• For instance, in one example, a full colour, full transparency digital image file having a size of 227529 bytes was retrieved by the processor. After splitting the image file into the colour and transparency components, the colour component was encoded and saved in a JPEG file having a size of 60639 bytes while the transparency component was encoded and saved as a PNG file having a size of 17279 bytes. After associating the two new files, the size of the new image file was 77918 bytes which is a reduction of 149611 bytes from the original image file. This extra memory may then be used to store other data or more digital image files. The reduction in file size also allows for the new images to be more easily transferred or emailed since many servers restrict the size of emails to a predetermined size.
  • Although described as using RGB and RGBa images, it will be understood that the method may also be applied to Hue Saturation Value (HSV) and HSVa images as well.
  • The above-described embodiments are intended to be examples only. Alterations, modifications and variations may be effected to the particular embodiments by those of skill in the art without departing from the scope of the invention, which is defined solely by the claims appended hereto.

Claims (16)

1. A method of reducing a storage size of a digital image file without affecting display quality of said digital image, comprising the steps of:
splitting said image into a first component and a second component;
encoding said first component as a lossy compression component;
encoding said second component as a lossless transparency component; and
associating said lossy compression component and said lossless transparency component.
2. The method of claim 1 further comprising, occurring before the step of splitting, the step of:
retrieving said digital image file.
3. The method of claim 2 wherein said step of retrieving comprises the step of:
retrieving said digital image file from a memory.
4. The method of claim 2 wherein said step of retrieving comprises the step of:
retrieving said digital image file from a server.
5. The method of claim 1 wherein said step of encoding said first component comprises the steps of:
compressing said first component using Joint Photographic Experts Group (JPEG) Lossy Compression Encoding with discrete cosine transforms (DCT)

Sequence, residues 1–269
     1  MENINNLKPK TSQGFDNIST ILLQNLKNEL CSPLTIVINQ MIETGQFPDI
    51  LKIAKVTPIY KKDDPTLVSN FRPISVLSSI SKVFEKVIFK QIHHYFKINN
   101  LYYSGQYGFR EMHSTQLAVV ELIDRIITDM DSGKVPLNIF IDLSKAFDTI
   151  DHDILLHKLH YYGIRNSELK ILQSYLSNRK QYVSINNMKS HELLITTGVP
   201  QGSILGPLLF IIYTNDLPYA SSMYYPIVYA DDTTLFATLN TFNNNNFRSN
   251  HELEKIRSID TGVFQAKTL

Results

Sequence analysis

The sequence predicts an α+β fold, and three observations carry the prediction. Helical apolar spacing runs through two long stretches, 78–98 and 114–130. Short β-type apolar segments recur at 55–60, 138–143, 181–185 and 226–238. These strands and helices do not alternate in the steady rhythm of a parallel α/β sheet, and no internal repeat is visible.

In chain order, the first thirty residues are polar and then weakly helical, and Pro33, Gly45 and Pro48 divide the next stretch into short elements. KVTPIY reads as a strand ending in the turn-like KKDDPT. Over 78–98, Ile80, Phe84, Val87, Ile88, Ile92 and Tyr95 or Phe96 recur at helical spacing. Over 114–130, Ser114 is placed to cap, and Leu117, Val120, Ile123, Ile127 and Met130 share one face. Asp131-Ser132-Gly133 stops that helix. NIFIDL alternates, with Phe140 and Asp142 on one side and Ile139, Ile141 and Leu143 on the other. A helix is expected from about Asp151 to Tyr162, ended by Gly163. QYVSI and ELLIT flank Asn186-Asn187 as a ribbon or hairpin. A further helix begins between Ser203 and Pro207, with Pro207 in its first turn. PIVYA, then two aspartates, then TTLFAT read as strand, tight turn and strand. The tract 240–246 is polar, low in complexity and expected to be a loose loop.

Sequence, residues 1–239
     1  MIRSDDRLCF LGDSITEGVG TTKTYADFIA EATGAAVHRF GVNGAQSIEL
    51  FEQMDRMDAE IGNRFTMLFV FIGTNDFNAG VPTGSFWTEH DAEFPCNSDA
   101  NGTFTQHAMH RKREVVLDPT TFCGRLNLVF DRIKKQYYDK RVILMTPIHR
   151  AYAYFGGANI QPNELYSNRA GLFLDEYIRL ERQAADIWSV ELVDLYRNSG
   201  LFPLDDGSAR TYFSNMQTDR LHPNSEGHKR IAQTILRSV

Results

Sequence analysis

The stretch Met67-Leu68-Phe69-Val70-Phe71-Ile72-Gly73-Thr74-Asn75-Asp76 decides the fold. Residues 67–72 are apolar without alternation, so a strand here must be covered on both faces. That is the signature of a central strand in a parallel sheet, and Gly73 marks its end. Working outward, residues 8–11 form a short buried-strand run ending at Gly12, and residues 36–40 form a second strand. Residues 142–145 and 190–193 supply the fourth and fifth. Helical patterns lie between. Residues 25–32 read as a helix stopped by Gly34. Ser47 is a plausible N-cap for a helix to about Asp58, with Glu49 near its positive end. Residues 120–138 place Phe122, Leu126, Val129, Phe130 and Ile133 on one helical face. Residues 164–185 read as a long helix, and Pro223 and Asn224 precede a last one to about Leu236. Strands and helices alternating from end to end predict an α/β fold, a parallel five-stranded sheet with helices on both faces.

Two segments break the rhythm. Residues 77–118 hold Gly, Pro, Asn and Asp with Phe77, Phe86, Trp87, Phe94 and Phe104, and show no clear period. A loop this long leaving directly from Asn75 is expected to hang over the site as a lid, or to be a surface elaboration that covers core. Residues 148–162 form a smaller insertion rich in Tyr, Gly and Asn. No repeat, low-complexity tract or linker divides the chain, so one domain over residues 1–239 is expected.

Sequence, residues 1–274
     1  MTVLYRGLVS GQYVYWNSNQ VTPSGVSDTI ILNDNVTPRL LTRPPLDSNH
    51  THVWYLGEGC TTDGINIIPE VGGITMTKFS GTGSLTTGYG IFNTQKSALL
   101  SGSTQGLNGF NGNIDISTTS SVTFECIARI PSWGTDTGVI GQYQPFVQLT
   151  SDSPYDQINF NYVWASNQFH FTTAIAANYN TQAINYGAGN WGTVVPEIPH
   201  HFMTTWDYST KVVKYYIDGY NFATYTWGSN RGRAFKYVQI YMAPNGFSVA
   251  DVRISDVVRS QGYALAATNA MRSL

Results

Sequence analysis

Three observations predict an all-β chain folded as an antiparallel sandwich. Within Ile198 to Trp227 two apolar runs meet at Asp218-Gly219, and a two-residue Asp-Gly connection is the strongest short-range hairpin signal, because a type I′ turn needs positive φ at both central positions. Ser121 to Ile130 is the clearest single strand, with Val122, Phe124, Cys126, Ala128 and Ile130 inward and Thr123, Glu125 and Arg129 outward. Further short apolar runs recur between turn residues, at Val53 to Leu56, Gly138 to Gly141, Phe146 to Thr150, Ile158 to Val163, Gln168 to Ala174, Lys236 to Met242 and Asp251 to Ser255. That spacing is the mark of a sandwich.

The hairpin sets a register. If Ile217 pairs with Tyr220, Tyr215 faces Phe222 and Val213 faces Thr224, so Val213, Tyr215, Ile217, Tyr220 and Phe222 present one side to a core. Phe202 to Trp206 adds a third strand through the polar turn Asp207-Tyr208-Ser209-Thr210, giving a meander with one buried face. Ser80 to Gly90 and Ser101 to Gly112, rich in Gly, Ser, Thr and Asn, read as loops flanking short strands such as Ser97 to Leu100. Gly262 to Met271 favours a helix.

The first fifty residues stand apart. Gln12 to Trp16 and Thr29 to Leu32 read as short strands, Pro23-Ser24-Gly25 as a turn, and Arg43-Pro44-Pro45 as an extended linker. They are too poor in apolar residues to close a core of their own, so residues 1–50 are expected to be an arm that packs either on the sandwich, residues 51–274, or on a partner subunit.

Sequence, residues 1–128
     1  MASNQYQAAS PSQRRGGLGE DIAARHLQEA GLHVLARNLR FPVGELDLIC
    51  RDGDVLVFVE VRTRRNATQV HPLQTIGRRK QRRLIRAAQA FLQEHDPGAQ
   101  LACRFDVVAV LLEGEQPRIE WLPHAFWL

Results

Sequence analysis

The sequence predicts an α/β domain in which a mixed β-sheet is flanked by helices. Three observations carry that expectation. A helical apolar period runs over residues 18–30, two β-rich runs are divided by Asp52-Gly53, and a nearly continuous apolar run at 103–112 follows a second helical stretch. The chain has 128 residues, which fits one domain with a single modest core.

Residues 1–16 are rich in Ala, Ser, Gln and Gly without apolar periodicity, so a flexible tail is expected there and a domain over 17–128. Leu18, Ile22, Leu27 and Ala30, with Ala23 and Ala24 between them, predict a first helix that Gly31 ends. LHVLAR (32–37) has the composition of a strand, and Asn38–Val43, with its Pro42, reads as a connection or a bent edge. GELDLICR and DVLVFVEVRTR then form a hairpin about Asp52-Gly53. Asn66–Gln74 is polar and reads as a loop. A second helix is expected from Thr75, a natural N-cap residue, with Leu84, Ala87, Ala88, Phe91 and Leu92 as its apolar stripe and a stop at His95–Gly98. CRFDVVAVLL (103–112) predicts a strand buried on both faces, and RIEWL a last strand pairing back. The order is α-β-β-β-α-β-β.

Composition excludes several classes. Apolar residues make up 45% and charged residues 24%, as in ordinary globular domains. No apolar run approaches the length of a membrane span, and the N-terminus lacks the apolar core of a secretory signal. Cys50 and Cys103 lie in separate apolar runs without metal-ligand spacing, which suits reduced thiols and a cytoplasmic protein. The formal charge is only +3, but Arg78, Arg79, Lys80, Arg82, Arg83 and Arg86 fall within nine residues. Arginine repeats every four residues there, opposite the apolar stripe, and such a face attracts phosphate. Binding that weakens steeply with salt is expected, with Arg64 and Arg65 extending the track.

6. The method of claim 1 wherein said step of splitting comprises the steps of:
retrieving colour information from said digital image as said first component; and
retrieving transparency information from said digital image as said second component.
7. The method of claim 1 wherein said step of associating comprises the steps of:
combining said lossy compression component and said lossless transparency component as a single file.
8. The method of claim 7 wherein said step of combining comprises the step of:
embedding said lossy compression component within said lossless transparency component.
9. The method of claim 7 wherein said step of combining comprises the step of:
embedding said lossless compression component within said lossy compression component.
10. The method of claim 9 wherein said step of embedding comprises the step of:
storing said lossless compression component as an application extension block in said lossy compression component.
11. The method of claim 1 wherein said step of associating comprises the step of:
naming said lossy compression component and said lossless transparency component in accordance with a predetermined naming convention;
wherein said predetermined naming convention causes said lossy compression component and said lossless transparency component to have associated names.
12. A memory for storing data for access by an application program being executed on a data processing system, comprising:
a data structure stored in said memory, said data structure including information resident in a database used by said application program and including:
a lossy compression component; and
a lossless transparency component, associated with said lossy compression component.
13. The memory of claim 12 wherein said lossy compression component is a compressed JPEG file.
14. The memory of claim 13 wherein said compressed JPEG file is a set of compressed RGB values which have been compressed from an initial digital image.
15. The memory of claim 12 wherein said lossless transparency component is a PNG or GIF file.
16. The memory of claim 15 wherein said PNG or GIF file is a set of alpha channel values.
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CN102231834A (en) * 2011-06-27 2011-11-02 深圳市茁壮网络股份有限公司 Animated portable network graphics (APNG) file processing method and device for digital television system
CN102364441A (en) * 2011-10-24 2012-02-29 中兴通讯股份有限公司 Method, device and system for displaying GIF (Graphic Interchange Format) picture
GB2483297A (en) * 2010-09-03 2012-03-07 British Broadcasting Corp Encoded video data storage by splitting the data into multiple sub-streams and storing each sub-stream separately
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CN102231834A (en) * 2011-06-27 2011-11-02 深圳市茁壮网络股份有限公司 Animated portable network graphics (APNG) file processing method and device for digital television system
US20130058571A1 (en) * 2011-09-01 2013-03-07 Samsung Electronics Co., Ltd. Image file compression system and method
CN102364441A (en) * 2011-10-24 2012-02-29 中兴通讯股份有限公司 Method, device and system for displaying GIF (Graphic Interchange Format) picture